The JV team won 42-7, and they were also up for the challenge of winning. Although this group of girls just started playing together, they are prepared to win and their season looks promising.

Junior high basketball teams find first win of the season Monday

by Alyssa Smith and Sidney Bernabeu | Marshal Magazine |

The junior high boys and girls basketball teams took their first wins of the season against Ascent Lehi Monday night. 

Both teams have great team chemistry and stayed positive throughout the game.

“I feel like our team worked really hard and deserved the win,” said boys point guard Tyler Smith.

The boys are continuing to improve as the season goes on, and now is their chance to start a winning streak.

The junior high girls also crushed Acsent 45-27 Monday night. They started out and finished the game strong. They knew their plays and were prepared to win.

The girls showed their dedication throughout the game. As the other team started gaining points, they stepped up their game and played harder than the other team. The girls have fun while playing and work great as a team.

They work hard and are ready for a great season.

Teachers of Rockwell: Jacob Hampton

by Kaylee Birnbaum | Marshal Magazine |

Jacob Hampton is a new teacher at Rockwell this year. He teaches English 11 and Intro to Film. Students have gotten to know and love the way he contributes to our school.

“I love when my students and I can joke together,” Hampton said. “Telling people what to do all day is taxing, so it’s nice when we can all forget about that dynamic for a minute and just laugh together.”

Hampton attended UVU, got a black belt in karate when he was 12, and secretly wishes he had mind reading powers. He has a passion for film and has written for UVU’s newspaper, worked as a film critic for a website called Rogue Auteurs, and even had his own band in high school called Juice Box. They won Orem High School’s Battle of the Bands in 2011 and continued to advance to the state level of competition. Music and movies have always been a big part of Hampton’s life.

Becoming a teacher is something in which Hampton finds great fulfillment.

“I wanted to become a teacher because I love being able to share things I’m passionate about with others in ways that help them learn,” Hampton said.

Hampton works hard in what he does and always has the students’ interests in mind. Helping students is what he loves to do.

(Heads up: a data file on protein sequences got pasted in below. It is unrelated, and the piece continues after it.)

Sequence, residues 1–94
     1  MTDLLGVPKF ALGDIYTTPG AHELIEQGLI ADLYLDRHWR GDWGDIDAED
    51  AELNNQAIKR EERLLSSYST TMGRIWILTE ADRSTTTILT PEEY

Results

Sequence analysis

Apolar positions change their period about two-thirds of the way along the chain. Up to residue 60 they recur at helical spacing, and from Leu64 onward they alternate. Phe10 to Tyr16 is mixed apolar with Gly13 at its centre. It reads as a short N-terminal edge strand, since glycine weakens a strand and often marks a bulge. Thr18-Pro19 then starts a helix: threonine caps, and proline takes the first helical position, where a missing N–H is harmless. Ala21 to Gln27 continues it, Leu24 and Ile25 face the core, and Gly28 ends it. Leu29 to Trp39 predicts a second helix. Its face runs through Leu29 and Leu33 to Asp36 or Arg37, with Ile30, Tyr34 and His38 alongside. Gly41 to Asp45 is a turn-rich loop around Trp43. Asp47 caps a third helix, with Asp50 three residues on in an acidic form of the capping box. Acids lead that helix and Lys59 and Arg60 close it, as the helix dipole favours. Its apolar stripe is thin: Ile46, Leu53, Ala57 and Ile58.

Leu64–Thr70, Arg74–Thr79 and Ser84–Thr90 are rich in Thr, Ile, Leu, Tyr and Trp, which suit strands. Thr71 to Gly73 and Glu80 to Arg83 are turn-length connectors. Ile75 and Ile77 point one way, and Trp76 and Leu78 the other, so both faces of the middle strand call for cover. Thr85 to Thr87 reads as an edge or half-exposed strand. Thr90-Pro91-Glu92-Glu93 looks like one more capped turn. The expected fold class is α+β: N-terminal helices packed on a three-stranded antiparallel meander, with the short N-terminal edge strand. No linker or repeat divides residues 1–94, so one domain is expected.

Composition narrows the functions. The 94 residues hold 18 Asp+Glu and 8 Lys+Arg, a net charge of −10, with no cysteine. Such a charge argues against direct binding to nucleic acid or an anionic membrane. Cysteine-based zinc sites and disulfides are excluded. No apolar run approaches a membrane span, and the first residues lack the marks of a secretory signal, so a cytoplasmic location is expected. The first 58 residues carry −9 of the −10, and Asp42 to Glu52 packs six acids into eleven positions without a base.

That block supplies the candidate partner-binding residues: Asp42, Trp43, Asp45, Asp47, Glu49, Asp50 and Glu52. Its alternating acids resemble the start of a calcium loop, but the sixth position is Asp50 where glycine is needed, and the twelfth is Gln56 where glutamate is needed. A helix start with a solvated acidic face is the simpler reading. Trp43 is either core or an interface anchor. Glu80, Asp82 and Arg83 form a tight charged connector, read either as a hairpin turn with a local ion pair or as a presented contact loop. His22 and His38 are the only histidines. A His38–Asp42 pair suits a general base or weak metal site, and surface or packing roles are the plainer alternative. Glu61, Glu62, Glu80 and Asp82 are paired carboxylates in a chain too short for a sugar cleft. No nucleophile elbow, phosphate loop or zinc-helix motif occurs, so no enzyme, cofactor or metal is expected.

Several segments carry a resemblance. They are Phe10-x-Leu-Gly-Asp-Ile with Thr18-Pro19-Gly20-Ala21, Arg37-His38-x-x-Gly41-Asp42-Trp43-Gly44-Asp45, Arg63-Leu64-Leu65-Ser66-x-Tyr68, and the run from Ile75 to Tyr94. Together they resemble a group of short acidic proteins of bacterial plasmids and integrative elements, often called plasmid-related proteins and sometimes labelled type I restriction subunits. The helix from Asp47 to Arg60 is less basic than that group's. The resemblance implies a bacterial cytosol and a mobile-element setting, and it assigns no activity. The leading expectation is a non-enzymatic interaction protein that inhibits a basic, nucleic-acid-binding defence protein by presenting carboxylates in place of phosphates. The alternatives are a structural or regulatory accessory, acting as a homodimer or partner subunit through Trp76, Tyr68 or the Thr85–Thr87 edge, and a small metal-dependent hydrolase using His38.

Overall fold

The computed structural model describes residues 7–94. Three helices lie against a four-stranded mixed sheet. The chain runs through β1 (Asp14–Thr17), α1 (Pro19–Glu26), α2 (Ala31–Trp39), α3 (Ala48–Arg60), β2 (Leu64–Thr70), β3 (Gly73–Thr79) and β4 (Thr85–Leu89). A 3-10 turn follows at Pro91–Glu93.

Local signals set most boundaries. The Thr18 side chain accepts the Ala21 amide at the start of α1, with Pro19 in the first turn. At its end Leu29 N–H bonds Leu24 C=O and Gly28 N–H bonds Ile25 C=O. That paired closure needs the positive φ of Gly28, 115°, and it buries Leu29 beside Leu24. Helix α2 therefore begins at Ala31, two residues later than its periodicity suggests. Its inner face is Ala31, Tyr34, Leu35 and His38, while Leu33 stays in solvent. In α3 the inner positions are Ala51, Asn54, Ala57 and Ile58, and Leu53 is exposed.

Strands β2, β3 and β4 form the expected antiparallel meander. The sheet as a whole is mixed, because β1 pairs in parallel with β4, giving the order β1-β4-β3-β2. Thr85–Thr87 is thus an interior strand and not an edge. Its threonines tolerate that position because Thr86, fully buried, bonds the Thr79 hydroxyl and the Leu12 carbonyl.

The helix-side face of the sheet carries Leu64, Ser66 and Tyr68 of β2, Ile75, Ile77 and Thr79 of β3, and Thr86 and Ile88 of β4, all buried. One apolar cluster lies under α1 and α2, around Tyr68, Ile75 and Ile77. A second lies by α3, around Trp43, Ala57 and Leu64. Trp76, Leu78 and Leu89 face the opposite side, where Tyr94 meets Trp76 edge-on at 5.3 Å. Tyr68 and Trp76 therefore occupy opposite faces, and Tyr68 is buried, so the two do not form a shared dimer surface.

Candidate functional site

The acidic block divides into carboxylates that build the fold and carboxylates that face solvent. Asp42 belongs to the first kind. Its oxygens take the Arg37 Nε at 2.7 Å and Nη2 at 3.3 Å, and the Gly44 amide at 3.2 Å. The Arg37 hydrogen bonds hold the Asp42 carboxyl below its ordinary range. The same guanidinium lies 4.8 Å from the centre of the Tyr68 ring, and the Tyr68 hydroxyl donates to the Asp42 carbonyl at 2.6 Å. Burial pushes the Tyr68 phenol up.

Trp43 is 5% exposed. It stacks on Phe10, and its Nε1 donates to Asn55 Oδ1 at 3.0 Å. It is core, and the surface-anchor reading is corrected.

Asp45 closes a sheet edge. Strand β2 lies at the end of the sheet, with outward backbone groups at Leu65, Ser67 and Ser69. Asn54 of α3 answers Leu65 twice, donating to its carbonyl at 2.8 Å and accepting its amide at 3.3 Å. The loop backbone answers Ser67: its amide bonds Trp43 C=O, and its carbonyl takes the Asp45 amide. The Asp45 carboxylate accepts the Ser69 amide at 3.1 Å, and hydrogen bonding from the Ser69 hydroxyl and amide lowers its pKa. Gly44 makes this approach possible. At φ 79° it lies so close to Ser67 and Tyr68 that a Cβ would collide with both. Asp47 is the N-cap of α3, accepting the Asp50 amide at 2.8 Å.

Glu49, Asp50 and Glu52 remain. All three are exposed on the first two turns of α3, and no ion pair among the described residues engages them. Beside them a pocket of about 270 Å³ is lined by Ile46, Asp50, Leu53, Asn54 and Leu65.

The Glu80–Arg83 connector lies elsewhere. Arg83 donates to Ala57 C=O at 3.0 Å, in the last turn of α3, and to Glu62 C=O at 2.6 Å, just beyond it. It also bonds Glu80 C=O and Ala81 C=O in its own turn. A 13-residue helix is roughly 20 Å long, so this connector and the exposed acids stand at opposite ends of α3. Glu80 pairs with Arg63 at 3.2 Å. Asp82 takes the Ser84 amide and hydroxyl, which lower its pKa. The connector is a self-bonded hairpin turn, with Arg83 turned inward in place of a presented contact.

To those wanting to become a teacher, Hampton says to have a thick skin.

“Don’t worry,” Hampton said. “Not all the kids who act like they hate you actually do.”

Rockwell is glad to have Hampton as a member of the team.

Change Wars: Donate to a local family in need

Student government hosted an assembly Thursday afternoon encouraging students, teachers, and faculty, to participate in this year’s Change Wars event.

“This is the kickoff for a fun service challenge for the whole school including us as faculty and staff members,” said principal Darren Beck. “Over the 9 years we have done this, we have provided meaningful holiday cheer to about 2 dozen families.”

Change Wars is a competition taking place from now through December. Jars

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representing each grade can be found in the front office. Students may place pennies in their own grade’s jar to earn points, or they can choose to “bomb” other grades with dollar bills, deducting points from the “bombed” grade’s score.

At the conclusion of the bombing period, all money will be counted and points will be calculated based on how many pennies and how many other coins/dollar bills are in the jars. The winning grade will receive a pizza party during Mentoring.

 

“Hopefully we will get people motivated so we can do some good this year,” said Beck.

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Holiday Night Live performs skit at Change Wars Assembly.

The assembly featured the high school orchestra as they performed the Star Spangled Banner. The high school girls and boys basketball teams, the junior high girls and boys basketball teams, the indoor soccer team, and the cast and crew of Holiday Night Live were also featured.
Ultimately, the assembly was filled with energy. Marshals felt the excitement of the coming basketball season, which starts December 1 with the Homecoming game, followed by the Homecoming dance the next day. Tickets are $15 per single ticket or $25 per couple.